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The US can safely reduce its prison population by having an informed conversation about violent crime
Washington, DC – As the nation struggles with how to address one of the greatest public policy issues in its history, a report, released today by the Justice Policy Institute (JPI), takes a new look at the issue of mass incarceration and how America responds to violent crime. The report, Defining Violence: Reducing Incarceration by Rethinking America’s Approach to Violence, notes that while there is currently more support than ever for criminal justice reform and efforts to reduce the imprisonment of more than 2 million people across the country, the U.S. will not be able to lower its incarceration rate significantly without changing how the justice system treats violent crimes.
The conversations on the federal and state levels, as well as recent policy reforms, have focused on reducing the incarceration of people convicted of nonviolent offenses. Yet just under half the people in prison have been convicted of a violent crime, and meaningful justice reform must include rethinking how laws, policies, and practices treat these offenses if the nation is to see sustained reductions in incarceration.
“This is a complicated political and systems reform issues, which many policymakers haven’t even yet begun to grapple with,” said Marc Schindler, Executive Director of the Justice Policy Institute. “There’s no question that we can safely and meaningfully reduce our prison and jail populations, but to do so we need to have the courage to come up with a more effective approach to violence prevention, and address how the justice system treats violent offenses.”
Maryland legislators struggled this last session with justice reform proposals that excluded significant numbers of people from release because they were convicted of a violent offense. In the last legislative session, some legislatures conflated nonviolent drug offenses with violent crime in their debate over justice reform proposals. But of the hundred people convicted of violent crimes released from prison due to a Maryland appellate ruling, none have been convicted of a new felony offense.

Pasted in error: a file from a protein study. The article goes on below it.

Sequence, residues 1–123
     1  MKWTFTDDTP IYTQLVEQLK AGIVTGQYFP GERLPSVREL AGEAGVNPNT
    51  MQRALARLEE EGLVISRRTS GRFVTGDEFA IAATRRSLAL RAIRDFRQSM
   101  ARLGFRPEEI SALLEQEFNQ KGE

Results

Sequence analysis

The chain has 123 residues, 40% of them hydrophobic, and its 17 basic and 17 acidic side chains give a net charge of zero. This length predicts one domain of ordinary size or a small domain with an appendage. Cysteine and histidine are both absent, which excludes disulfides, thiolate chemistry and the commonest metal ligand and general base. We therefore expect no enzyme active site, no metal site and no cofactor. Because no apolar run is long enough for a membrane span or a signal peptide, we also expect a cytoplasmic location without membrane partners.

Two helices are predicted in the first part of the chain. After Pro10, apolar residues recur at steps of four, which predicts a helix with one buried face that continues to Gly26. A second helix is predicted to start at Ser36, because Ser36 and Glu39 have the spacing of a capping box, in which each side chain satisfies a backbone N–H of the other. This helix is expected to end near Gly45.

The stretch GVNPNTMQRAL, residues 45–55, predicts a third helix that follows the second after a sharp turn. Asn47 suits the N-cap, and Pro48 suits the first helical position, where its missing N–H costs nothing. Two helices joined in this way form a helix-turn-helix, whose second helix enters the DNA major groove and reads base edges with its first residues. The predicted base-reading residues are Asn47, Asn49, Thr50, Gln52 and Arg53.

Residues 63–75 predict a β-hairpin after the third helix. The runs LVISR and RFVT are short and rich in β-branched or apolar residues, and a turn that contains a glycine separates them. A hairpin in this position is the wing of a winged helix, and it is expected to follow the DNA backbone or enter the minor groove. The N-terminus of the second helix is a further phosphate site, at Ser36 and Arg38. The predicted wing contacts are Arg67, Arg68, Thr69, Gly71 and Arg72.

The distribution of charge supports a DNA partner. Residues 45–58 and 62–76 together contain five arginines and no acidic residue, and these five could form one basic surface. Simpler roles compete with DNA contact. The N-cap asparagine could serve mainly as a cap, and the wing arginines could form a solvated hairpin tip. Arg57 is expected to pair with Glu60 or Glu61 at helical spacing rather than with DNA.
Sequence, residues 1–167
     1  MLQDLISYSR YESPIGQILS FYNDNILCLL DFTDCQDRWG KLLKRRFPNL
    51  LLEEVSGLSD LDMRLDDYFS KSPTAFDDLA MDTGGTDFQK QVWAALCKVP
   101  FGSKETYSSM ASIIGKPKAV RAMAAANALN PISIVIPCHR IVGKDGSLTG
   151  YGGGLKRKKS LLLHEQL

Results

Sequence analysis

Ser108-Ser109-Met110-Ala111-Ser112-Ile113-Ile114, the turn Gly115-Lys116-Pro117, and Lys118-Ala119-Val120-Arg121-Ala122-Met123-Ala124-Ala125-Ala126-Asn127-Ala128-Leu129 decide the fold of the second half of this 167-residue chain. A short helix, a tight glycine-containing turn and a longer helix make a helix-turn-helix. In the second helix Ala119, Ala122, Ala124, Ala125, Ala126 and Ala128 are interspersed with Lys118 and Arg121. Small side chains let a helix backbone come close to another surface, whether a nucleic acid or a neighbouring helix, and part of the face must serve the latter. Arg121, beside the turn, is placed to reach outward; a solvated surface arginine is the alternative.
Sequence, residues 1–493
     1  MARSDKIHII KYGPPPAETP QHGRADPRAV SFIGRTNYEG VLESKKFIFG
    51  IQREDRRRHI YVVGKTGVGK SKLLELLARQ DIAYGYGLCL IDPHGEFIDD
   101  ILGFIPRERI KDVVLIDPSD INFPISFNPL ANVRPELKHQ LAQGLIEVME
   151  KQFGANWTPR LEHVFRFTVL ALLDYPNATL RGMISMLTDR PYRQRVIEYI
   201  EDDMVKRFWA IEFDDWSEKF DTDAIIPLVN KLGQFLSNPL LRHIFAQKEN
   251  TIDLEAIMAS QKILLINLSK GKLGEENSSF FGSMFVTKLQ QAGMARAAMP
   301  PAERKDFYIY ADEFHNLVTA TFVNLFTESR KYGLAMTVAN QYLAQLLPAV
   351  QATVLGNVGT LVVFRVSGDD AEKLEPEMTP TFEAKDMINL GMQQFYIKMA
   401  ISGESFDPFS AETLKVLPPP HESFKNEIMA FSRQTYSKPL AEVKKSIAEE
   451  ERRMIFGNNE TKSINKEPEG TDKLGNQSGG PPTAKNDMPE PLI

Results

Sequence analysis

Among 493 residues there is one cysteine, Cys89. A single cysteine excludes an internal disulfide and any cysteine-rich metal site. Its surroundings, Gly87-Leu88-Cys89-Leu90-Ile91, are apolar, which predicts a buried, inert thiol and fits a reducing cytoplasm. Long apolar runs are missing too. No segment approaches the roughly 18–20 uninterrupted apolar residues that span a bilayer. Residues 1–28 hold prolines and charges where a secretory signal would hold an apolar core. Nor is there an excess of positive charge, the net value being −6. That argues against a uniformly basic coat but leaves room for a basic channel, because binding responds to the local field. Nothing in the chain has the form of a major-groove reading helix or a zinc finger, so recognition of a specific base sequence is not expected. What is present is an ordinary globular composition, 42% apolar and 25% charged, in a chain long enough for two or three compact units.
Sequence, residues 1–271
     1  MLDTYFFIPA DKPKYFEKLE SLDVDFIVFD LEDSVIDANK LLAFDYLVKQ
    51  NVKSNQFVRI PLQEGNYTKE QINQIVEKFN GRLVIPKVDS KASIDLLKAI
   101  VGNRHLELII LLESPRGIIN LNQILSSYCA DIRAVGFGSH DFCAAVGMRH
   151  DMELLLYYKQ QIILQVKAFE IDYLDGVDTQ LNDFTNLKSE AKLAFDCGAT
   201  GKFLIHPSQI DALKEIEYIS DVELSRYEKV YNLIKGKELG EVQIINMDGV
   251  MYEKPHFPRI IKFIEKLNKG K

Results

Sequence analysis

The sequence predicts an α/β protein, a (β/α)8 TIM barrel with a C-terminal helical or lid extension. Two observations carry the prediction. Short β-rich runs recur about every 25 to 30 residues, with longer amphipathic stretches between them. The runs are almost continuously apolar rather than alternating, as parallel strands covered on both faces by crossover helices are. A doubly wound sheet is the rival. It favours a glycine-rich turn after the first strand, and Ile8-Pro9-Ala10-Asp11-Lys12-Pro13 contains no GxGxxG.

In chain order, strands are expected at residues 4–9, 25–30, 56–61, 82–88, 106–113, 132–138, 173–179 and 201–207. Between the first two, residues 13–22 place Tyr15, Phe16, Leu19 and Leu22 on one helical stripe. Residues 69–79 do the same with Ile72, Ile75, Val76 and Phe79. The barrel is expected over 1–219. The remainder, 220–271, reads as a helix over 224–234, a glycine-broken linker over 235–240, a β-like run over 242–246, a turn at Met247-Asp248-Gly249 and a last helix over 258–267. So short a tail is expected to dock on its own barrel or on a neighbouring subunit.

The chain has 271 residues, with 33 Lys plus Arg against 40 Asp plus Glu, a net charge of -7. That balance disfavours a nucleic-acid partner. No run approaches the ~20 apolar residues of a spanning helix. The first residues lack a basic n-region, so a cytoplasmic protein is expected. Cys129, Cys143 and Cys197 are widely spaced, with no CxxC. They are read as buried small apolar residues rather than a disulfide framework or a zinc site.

“If we are going to lower prison and jail populations in Maryland, we need to expand opportunities for parole and shorten sentences for more people incarcerated in this state,” said Senator Muse, District 26 (D). “As we have shown with the Unger releases, even people convicted of the most serious behavior can come home, without compromising public safety.”
Defining Violence surveys the current debate in state legislatures and Congress on criminal justice reform, noting where justice reform proposals have been mired down in debates over what constitutes a violent crime, how justice systems treat violent crimes, and how these debates have made it challenging to make lasting justice Reform possible. Defining Violence also connects the debate going on in legislatures to the way offenses are defined by statute, critiques how the system treats behavior is divorced from larger social policy discussions (for example, the wide availability of weapons), and examines the disconnection between the evidence on what works and policy in sentencing, corrections, and criminal justice.
Along with an increasing reliance on public health approaches to violence prevention, there are other bright spots around efforts to reduce the incarceration of people convicted of violent crimes: these include significant reductions in juvenile confinement for violent crimes, reforms spurred on by the Supreme Court around juvenile life without parole that allow people convicted of violent crimes to come home, broader reforms being offered to parole that make decisions less reliant on the offense, and law changes that are chipping away at long prison sentences for violent crimes.
JPI is a national nonprofit organization dedicated to reducing the use of incarceration and the justice system by promoting fair and effective policies. The report Defining Violence and summaries of the major findings from the report will be available on JPI’s website on August 23rd.